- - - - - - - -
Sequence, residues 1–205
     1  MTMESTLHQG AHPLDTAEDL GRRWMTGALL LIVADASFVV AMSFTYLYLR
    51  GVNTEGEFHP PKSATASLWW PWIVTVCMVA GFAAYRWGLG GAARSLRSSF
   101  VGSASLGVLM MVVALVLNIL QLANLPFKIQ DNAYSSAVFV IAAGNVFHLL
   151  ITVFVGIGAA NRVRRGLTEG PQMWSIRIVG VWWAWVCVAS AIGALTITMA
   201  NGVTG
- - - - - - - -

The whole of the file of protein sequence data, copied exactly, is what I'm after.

Sequence, residues 1–205
     1  MTMESTLHQG AHPLDTAEDL GRRWMTGALL LIVADASFVV AMSFTYLYLR
    51  GVNTEGEFHP PKSATASLWW PWIVTVCMVA GFAAYRWGLG GAARSLRSSF
   101  VGSASLGVLM MVVALVLNIL QLANLPFKIQ DNAYSSAVFV IAAGNVFHLL
   151  ITVFVGIGAA NRVRRGLTEG PQMWSIRIVG VWWAWVCVAS AIGALTITMA
   201  NGVTG